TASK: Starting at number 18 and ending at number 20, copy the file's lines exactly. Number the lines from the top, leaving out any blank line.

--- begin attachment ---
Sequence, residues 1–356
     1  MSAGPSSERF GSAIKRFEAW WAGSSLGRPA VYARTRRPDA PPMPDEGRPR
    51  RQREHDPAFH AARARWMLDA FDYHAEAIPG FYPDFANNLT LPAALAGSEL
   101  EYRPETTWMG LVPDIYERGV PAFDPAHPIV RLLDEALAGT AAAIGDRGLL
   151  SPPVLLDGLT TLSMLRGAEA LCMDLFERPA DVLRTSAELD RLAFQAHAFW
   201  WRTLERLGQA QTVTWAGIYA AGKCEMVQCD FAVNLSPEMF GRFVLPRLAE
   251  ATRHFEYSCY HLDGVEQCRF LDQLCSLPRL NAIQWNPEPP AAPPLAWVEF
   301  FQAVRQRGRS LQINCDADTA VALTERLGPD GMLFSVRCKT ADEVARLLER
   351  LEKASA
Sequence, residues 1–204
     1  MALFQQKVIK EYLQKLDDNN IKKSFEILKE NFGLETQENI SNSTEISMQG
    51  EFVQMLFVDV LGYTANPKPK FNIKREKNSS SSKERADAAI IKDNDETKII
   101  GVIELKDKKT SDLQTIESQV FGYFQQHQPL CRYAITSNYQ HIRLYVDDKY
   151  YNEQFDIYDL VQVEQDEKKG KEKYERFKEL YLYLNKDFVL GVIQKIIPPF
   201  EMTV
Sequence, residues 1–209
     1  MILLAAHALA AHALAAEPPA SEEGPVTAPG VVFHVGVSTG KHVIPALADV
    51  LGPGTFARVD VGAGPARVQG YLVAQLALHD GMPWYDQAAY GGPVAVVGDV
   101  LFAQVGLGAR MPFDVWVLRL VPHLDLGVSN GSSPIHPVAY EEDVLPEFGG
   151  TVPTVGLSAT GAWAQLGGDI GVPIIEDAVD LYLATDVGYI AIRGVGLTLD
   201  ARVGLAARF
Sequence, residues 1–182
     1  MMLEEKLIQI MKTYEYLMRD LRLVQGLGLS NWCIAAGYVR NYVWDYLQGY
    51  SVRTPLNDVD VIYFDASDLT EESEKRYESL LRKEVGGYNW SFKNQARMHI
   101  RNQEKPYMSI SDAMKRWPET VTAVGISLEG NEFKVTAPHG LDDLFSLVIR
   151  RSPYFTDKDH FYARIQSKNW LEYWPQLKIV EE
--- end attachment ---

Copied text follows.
    51  LGPGTFARVD VGAGPARVQG YLVAQLALHD GMPWYDQAAY GGPVAVVGDV
   101  LFAQVGLGAR MPFDVWVLRL VPHLDLGVSN GSSPIHPVAY EEDVLPEFGG
   151  TVPTVGLSAT GAWAQLGGDI GVPIIEDAVD LYLATDVGYI AIRGVGLTLD